At least Foreigners See the Maori In Us All

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A couple of weeks ago we discussed “the Maori in us all”. We made the point that when we New Zealanders are overseas looking back at New Zealand we value Maori culture, but struggle to do the same at home. When others look at us from afar, they clearly see that value too.

Last week’s TIME Magazine referred to the unique advantage the All Blacks get over opponents as a result of integrating aspects of Maori culture into their values. Specifically TIME referred to the haka and the concept of mana or humility wherein the members all see themselves as secondary to the ethos of the team. Mana is not a concept that comes naturally in European culture.

TIME magazine isn’t alone. Global online news sites have been piling accolades on New Zealand in recent weeks. Those entranced by the incomparable haka, performed by the All Blacks during the current rugby World Cup, include the Washington Post, the Atlantic, and the UK’s The Guardian.

The world’s media don’t just value the spectacle of the haka – nor its effectiveness as a pre-battle ritual– although both are important. The haka is seen as indicative of the lessons New Zealand can teach the world about building a society based on diverse cultures. The Washington Post’s Ishaan Tharoor said that the haka “in its growling intensity, captures … the solidarity of warriors—both of Māori and non-Māori descent—fighting for a common future.” The Atlantic said the All Black’s performance of the haka was  a “heartening example of postcolonial cohesion”.

New Zealand is seen as being unique in the world,  as having avoided the very worst outcomes for indigenous people in colonised countries. This relative success is due in no small part to the collective perspective and tradition of engagement and debate which characterises Maori society. If we have succeeded where others have failed it is because Maori ways of doing things were part of the solution from the very beginning.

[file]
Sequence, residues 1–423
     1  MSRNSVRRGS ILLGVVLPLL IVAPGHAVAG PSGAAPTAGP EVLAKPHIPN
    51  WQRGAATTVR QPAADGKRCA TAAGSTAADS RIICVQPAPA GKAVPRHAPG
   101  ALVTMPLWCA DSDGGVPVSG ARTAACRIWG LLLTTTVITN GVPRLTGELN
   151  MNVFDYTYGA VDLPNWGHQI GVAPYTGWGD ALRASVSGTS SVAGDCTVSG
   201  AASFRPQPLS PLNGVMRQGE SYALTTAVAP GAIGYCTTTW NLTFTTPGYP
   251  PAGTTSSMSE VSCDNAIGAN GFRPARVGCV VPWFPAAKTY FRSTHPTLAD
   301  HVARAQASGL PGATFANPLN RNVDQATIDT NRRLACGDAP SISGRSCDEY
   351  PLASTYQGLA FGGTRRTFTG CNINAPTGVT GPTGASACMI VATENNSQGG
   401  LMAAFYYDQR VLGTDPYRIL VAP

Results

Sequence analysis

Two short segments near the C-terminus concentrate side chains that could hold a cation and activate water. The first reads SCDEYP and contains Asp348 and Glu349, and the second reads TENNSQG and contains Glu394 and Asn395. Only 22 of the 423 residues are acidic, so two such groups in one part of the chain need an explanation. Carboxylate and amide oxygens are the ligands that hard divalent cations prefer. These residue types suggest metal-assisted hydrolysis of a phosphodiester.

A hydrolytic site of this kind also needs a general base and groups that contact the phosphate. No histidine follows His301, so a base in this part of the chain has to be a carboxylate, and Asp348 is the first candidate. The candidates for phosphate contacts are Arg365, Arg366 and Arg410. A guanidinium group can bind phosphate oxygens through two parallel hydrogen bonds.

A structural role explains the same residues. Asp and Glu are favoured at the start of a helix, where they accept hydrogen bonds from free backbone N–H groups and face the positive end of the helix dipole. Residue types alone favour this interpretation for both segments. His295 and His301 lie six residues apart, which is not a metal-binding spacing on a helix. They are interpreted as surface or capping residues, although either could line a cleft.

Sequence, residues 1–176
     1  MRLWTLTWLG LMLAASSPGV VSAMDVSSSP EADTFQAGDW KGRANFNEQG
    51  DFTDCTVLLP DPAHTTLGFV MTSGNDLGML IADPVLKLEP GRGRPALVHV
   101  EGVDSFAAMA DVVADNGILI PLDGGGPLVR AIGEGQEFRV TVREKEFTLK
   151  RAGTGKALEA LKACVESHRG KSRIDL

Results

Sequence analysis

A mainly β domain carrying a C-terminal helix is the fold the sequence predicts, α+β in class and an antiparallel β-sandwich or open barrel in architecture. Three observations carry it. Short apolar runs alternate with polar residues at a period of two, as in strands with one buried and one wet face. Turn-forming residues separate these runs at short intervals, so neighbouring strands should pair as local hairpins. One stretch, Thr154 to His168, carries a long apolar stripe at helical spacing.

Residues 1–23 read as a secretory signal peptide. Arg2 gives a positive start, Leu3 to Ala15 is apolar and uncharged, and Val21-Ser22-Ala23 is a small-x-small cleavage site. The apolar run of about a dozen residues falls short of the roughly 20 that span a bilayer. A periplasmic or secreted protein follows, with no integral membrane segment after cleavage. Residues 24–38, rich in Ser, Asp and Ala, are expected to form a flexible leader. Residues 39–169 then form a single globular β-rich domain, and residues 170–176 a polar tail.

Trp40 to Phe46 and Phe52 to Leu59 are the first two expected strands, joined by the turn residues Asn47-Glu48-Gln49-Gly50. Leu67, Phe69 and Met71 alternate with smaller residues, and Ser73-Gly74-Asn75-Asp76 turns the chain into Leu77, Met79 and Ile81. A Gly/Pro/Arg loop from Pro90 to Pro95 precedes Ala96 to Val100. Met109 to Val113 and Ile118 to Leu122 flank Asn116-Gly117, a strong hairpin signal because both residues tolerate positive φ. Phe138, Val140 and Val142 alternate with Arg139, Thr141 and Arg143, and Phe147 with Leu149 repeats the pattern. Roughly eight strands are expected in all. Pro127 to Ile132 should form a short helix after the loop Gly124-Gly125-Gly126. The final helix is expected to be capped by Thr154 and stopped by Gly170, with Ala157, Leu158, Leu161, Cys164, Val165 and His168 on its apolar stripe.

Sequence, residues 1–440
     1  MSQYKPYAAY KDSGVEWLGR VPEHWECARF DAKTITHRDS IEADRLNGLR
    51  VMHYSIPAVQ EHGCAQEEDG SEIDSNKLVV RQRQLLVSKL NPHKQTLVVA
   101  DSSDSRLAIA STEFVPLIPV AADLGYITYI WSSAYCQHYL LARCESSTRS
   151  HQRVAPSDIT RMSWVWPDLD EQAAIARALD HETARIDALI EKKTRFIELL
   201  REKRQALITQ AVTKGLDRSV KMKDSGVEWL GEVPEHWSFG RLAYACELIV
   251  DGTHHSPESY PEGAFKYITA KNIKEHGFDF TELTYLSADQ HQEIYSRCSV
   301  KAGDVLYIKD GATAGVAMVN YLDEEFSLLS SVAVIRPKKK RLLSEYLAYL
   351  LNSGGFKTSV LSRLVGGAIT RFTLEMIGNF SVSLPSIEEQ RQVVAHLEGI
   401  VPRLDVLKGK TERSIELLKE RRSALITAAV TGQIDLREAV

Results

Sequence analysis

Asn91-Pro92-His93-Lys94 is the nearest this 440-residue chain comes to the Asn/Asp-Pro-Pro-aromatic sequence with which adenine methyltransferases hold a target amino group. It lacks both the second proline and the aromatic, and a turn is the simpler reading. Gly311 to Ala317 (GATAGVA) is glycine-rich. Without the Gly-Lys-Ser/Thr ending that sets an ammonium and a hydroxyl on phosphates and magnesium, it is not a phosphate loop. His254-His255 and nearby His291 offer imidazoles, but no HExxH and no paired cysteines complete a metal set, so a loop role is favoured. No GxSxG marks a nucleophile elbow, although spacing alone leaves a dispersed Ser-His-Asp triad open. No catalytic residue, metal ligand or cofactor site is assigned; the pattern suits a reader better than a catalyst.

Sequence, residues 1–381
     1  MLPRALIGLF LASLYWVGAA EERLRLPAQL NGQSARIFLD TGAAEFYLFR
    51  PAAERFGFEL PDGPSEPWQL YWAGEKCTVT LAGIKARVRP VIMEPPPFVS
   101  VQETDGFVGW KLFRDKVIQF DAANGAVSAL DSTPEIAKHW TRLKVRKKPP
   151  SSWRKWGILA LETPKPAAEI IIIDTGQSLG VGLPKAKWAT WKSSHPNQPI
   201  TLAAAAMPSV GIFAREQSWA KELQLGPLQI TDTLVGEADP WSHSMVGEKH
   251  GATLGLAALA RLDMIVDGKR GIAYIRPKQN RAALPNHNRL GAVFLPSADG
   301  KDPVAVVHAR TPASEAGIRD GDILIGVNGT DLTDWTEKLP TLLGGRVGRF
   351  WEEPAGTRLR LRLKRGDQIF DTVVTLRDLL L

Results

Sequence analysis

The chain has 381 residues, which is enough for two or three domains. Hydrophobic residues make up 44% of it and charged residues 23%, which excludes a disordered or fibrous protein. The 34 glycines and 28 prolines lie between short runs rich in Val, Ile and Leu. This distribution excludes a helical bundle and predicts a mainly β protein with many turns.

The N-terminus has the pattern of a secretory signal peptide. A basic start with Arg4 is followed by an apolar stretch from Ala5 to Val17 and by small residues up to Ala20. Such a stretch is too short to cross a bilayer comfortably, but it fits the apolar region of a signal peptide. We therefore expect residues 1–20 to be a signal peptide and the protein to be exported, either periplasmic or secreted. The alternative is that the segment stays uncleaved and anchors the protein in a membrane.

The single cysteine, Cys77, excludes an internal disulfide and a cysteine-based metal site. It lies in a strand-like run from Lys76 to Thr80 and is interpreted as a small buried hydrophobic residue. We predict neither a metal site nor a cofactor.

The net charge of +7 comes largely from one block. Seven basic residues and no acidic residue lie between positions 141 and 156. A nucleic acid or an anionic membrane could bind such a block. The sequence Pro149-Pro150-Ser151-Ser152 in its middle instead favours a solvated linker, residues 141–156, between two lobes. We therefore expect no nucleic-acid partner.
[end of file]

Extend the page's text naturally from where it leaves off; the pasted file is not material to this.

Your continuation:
Renowned designer David Trubridge settled in New Zealand in 1985. Having come over from the UK David clearly sees what is unique and most valuable about New Zealand. In our Talk Treaty series he noted that the multicultural nature of New Zealand society is one of its greatest riches, and this is true in particular of the Maori culture which is unique to New Zealand.

 “the greatest thing New Zealand has, is the different [Maori] way of seeing things, telling our stories.…”

As New Zealanders of European origin increasingly acknowledge it is Maori values especially, as well as those from other cultures that have settled here, that make New Zealanders unique. The values that define New Zealand will continue to evolve and as they do so, our institutions will evolve also. The end game is a constitution which reflects and fully honours the Treaty of Waitangi.

1.Owain Jones, Multicultural New Zealand Has Melded Spirit and Skill to Create The Perfect Rugby Squad, TIME 17 September 2015

At least Foreigners See the Maori In Us All was last modified: December 15th, 2015 by Gareth Morgan
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Gareth Morgan

Gareth Morgan

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Gareth Morgan is a New Zealand economist and commentator on public policy who in previous lives has been in business as an economic consultant, funds manager, and professional company director. He is also a motorcycle adventurer and philanthropist. Gareth and his wife Joanne have a charitable foundation, the Morgan Foundation, which has three main stands of philanthropic endeavour – public interest research, conservation and social investment.